“I didn’t mean to make you worry.” The staircase led back to the Odalian palace gardens. For the past two months, Fox and I had been King Telemaine’s guests, traveling the kingdom and tending to the sickly. Most of the people here fear and dislike bone witches, though with lesser fervor than before. It is not easy to hold a grudge against someone who has nursed you back to health.

At the king’s invitation, Mykaela had taken up residence in the castle indefinitely. But every day finds her weaker, and I feared the palace would serve as her hospice.

“There are many other concerns, Tea. Likh has a new case pending, hasn’t he?”

The asha association had rejected Likh’s appeal to join, but Polaire had dredged up an obscure law that permitted Deathseekers to train in the Willows until they turned fifteen, which was Likh’s current age.

Mykaela glanced over Fox’s shoulder, back at the catacombs, then turned away.

She still loves him, I thought, and fury burned through me like a fever. “I’m really sorry, Mykkie.”

She smiled. “As I said, only if you mean it, Tea. Get some rest. We’ve got a busy day ahead.”

* * *

I listened until my brother’s footsteps faded before sneaking out of my room a second time. I opened the doors of my mind to welcome the hidden shadows; they wrapped around my core, creating a barrier that had for many months prevented Fox from discovering the other sentience I hoarded away, like a sweet vintage I had no intentions of sharing. I couldn’t. Not yet.

Chief waited for me at the stables. A lone woman on a horse caused no outcry, and we rode undisturbed out of the city, into a copse of trees that hid us further from view. I climbed off my stallion, told him to await my return, and moved deeper into the forest, into a small clearing that served as a rendezvous point.

I reached out once more to the moving darkness. The scar on my right thigh was hot to the touch. It burned in the cold air, but I felt no pain.

Despite its size, the beast was made of stealth and shadows. Where there was once nothing, it now stood beside me, as if summoned from the air. Three pairs of hooded eyes gazed down at me, forked tongues dancing. Its wings extended, and twilight rolled over me, soothing and pleasant.

Master? It was a voice but not in the manner we think of voices. Our bond gave us an understanding that went beyond language.

I reached out. Its scaly hide was a combination of coarse bark and rough sandpaper.

Play? It sat, unmoving, as I climbed up its back.

Yes.

In the blink of an eye, we were soaring across the sky, rolling meadows and fields of green passing below us. Turn, I thought, testing the limits of my control, as I have over the last several months. The azi complied, wings curving toward the horizon. I laughed, the sound joyous and free against the wind, and one head dipped briefly to nuzzle at my cheek, purring.

This is not selfishness, I told myself, but a responsibility. Mykaela was partly right; I was arrogant and overconfident, but I was not like other Dark asha. No other Dark asha had been able to tame the azi. And riding with it on quiet nights meant it was not rampaging through cities.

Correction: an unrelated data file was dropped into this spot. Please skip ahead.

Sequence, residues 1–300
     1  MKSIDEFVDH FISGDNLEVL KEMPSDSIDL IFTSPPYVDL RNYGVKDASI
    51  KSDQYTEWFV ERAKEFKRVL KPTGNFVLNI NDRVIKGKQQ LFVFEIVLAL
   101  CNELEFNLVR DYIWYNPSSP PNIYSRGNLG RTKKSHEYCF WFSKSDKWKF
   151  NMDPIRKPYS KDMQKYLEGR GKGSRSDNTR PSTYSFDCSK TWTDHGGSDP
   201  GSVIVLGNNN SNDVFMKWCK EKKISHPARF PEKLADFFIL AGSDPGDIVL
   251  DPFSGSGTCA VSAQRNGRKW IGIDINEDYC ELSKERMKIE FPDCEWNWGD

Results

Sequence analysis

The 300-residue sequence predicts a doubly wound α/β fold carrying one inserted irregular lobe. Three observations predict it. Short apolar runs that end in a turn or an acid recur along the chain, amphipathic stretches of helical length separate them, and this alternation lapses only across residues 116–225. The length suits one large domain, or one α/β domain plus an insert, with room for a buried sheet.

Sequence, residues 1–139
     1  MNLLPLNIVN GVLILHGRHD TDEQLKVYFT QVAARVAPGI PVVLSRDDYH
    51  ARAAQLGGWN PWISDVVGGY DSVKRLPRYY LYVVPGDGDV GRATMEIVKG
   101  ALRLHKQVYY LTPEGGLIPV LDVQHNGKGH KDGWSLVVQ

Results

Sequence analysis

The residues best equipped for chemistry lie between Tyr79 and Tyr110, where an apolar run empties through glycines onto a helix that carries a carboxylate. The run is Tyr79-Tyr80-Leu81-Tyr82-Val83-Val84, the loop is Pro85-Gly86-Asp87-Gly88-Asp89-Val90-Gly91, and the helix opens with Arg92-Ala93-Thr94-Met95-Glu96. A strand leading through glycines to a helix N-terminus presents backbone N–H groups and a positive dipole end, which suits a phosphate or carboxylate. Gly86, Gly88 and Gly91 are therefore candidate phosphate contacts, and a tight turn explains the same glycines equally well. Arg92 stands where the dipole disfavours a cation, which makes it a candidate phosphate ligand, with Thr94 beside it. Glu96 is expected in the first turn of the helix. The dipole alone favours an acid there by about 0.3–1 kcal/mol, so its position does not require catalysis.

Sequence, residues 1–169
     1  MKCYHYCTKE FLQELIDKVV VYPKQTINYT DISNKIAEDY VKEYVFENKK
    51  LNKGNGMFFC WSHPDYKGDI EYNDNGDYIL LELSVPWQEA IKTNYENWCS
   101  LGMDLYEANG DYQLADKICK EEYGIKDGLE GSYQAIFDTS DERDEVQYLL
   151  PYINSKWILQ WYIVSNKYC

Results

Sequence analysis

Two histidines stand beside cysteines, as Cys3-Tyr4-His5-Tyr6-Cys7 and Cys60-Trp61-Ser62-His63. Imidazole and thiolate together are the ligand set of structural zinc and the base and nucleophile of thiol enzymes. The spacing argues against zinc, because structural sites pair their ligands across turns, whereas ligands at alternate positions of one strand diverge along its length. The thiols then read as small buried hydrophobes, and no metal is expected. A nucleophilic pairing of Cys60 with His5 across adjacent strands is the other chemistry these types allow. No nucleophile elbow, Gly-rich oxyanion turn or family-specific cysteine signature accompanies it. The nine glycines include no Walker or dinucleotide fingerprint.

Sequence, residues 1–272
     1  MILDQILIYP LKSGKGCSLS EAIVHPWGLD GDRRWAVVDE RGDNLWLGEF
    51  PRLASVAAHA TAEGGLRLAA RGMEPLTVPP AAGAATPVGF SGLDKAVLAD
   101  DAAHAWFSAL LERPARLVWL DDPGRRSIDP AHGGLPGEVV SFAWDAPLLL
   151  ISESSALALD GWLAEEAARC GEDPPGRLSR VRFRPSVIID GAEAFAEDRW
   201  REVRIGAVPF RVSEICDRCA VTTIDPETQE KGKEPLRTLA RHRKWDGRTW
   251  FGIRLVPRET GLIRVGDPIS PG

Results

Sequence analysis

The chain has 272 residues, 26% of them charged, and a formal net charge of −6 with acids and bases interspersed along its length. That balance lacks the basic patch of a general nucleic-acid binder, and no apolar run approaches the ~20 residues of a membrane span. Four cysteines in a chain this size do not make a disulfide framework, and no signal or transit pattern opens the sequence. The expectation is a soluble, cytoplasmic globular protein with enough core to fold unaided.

But I also knew I had to keep my companion a secret. Raising a dead king was a far lesser sin than taking a daeva as a familiar. I shall conquer this, I thought and, in doing so, sealed my fate.

Why are we at Daanoris?” I asked again when she paused. “Why won’t you tell me?”

“Because I need you as a witness as well as a storyteller, Bard. You will not remain unbiased for long if I supply you with foresight.”

“You summoned me. I travel with you. My opinions will make little difference.”

“You have a reputation for impartiality, Bard. I trust your judgment and my prudence. And here in Santiang, there is someone I would like you to meet.”

“Who?”

“They call him the Heartforger.” She flashed me a quick mischievous grin. “I find it difficult to believe you will be so eager to rule in my favor after the endless stretch of corpses I summoned in my wake. Or after informing you of my intentions to take Daanoris. It is not easy to mask your repugnance. Why have I come to Daanoris? Perhaps simply because I can. Has that not crossed your mind?”

“Tea,” Kalen admonished, his voice low and amused.

She laughed. “Let me continue my story while we still have the luxury.”

The shadows grew across the trees. The daeva melted slowly into the forest, moving silently despite their sizes. No other sound passed through the woods—no chirping of birds nor chatter of squirrels. There was only the wind whispering through the leaves, the crackling of fire, and the sound of the asha’s voice.

Return to the #BlogTour The Heart Forger by Rin Chupeco to read my review…

Buy The Heart Forger at Amazon UK

The Bone Witch by Rin Chupeco

Later today it is my turn on the BlogTour for The Heart Forger by Rin Chupeco, the second part in The Bone Witch series. I absolutely adored the first part, The Bone Witch, which is why I decided to feature a pre-taste of Chupeco’s talent.

About the book

When Tea accidentally resurrects her dead brother, she learns she is a different from the other witches in her family.  Her gift for necromancy makes her a bone witch, who are feared and ostracized in her community.  But she finds solace and guidance with an older, wiser bone witch, who takes Tea and her brother to another land for training. There Tea learns to wield her magic in the face of dark forces and the deceit of those who would plot against her, including the ruling royals, who are waging their own war for control of the land.

Told from Tea’s perspective while she waits in exile, collecting the strength and force to combat those who killed her one true love, and a visiting Bard’s perspective, this is another magical tale woven by The Girl from the Well author.

Review

I loved the writing and the descriptive style, it fits well with the flow of the story. Chupeco takes the reader to the past, the present and also Tea in the future. The future speaks of darkness and vengeance, the past of pain and death, and the present of uncertainty and discovery.

The parallels between the asha and Geisha’s are an interesting element of the story. Women are considered entertainment for the men, and yet the asha are also revered at the same time. Tea finds it difficult to reconcile her inner turbulence with the dainty and effeminate skills her peers excel at.